CHANGE leaders do great things, and often that is all we know about them. Here we want to get a different glimpse of the personalities that constitute the development space. Every month we get one leader to answer four questions, not necessarily about their work, but about themselves. This week we catch up with Nikita Gupta, founding member of School of Life.
As a psychologist and educator, Nikita works towards promoting healthy sexual development of children and the prevention of sexual violence. She developed and executed education programmes on sexuality and sexual abuse prevention with School of Life (SoL), a Gurgaon-based social enterprise.
SoL’s programmes have directly reached out to nearly 17,000 individuals so far, including children, parents and teachers at various schools and institutions.
Nikita previously worked as a trainer and education leadership coach for government school principals in Mumbai and rural Rajasthan, and has been a consultant for the Gandhi Fellowship programme. After seven years of working with schools and nonprofits, she is currently pursuing a Masters in Education at Harvard University.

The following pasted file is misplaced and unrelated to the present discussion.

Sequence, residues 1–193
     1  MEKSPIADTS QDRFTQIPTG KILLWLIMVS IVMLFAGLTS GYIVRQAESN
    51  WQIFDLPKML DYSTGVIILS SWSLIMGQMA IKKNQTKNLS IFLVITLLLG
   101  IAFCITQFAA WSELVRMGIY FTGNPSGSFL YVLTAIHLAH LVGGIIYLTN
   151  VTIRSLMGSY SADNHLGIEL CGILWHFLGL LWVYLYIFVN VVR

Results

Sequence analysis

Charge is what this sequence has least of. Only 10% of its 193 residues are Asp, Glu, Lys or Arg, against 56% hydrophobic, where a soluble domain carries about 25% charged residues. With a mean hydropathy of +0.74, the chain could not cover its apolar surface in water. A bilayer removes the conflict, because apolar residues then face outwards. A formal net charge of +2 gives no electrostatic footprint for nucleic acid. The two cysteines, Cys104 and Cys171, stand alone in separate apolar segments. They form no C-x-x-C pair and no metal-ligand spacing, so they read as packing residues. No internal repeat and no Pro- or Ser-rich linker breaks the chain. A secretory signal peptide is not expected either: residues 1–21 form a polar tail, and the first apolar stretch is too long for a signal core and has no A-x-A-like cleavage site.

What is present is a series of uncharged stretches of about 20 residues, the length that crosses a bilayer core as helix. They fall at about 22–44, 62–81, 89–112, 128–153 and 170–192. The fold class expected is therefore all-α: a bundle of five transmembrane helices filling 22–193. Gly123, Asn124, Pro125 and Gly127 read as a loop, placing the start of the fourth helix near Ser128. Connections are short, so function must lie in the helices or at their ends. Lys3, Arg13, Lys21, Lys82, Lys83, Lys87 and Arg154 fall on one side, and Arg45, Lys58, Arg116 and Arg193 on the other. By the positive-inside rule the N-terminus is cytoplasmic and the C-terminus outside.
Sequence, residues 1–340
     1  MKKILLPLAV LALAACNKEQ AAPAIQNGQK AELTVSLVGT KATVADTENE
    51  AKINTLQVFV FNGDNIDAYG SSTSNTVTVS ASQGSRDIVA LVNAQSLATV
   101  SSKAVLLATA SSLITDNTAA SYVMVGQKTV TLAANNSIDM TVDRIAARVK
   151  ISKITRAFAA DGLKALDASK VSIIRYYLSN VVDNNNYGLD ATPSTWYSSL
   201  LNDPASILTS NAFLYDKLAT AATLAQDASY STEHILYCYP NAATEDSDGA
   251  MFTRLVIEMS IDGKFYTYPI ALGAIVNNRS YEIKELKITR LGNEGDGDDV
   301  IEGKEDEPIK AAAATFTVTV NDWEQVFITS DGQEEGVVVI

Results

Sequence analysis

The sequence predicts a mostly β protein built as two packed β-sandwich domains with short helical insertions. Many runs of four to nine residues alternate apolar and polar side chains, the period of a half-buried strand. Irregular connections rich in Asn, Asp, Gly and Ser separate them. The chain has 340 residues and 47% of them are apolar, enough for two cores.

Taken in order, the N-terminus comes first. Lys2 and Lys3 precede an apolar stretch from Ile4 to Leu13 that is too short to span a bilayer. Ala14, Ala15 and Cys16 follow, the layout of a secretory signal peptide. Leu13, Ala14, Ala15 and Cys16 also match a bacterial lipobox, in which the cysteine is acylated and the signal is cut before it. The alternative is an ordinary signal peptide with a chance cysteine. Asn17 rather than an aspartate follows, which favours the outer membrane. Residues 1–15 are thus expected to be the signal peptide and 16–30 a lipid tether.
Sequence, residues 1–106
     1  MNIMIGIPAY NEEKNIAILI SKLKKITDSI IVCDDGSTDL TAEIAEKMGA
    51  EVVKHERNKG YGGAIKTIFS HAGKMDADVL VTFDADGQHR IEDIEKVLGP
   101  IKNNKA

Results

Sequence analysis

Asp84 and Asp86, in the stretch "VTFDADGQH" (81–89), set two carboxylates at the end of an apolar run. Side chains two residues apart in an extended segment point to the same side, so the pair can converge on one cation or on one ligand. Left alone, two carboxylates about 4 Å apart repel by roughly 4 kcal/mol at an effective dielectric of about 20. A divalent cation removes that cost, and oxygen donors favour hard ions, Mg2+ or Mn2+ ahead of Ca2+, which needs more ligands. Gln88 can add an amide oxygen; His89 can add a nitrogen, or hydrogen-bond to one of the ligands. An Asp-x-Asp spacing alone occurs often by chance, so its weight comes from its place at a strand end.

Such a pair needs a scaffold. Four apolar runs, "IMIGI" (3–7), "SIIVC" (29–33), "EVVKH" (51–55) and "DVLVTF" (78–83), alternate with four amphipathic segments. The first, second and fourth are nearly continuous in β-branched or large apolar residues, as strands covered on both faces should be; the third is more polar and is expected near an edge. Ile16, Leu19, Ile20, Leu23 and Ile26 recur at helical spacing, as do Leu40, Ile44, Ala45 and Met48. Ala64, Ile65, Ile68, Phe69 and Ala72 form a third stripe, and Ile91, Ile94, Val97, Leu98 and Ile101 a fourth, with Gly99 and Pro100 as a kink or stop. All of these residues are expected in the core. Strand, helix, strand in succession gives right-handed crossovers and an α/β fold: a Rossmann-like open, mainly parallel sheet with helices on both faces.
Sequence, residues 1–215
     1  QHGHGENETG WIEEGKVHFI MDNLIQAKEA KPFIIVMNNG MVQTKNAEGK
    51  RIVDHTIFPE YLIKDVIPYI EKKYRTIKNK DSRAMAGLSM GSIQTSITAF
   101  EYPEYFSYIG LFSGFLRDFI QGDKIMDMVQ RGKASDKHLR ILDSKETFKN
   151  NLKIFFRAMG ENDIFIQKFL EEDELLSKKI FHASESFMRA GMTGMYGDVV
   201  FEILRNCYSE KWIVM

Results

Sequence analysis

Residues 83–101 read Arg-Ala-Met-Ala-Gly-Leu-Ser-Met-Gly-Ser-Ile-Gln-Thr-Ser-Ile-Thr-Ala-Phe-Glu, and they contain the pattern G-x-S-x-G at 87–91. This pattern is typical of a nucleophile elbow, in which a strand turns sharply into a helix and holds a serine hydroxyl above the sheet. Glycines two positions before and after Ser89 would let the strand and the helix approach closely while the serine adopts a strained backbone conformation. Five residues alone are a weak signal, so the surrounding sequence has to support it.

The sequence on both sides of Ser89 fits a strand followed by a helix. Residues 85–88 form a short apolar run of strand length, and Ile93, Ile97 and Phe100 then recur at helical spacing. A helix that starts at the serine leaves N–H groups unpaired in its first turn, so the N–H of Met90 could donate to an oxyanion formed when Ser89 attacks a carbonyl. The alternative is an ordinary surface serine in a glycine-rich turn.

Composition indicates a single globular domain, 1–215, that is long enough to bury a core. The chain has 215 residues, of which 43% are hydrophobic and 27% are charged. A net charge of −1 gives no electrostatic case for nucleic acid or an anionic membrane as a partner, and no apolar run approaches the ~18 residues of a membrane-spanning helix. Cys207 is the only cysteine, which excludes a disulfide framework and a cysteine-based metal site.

Small Change: One book you would recommend to someone who wanted to expand their mind. What’s inspiring about it?
N.G: I can be a somewhat grim person, and tend to be drawn to grim books. And while there are perhaps many books that talk about living a purposeful life, Victor Frankl’s Man’s Search for Meaning was the first one to prompt me to think in that direction. It’s great for anyone who wonders about the meaning of their life or existence.
SC: What’s one self-improvement goal you are working on currently?
N.G: Health! I’m a couch potato and junk food connoisseur, and my body is beginning to revolt against it. So I’m trying to give up the couch at least if not the food.
SC: What is the bravest thing you’ve done or said to a group of people?
N.G: You know that thing called coordination? My limbs don’t know the concept- they fly in all directions. So it usually takes me a while to muster the courage to dance in parties, and when I do, I think I’m at my bravest.
SC: Are you an introvert, extrovert or a combination of both? Do you think these labels are too limiting?
N.G: Both. There are people who refuse to believe I’m an introvert and others who are shocked to see my more sociable side (cocktails often play a crucial role here, though).
About that second question – Susan Cain addresses it a lot better in her book Quiet: The Power of Introverts in a World that Can’t Stop Talking than I ever will. All introverts should read it.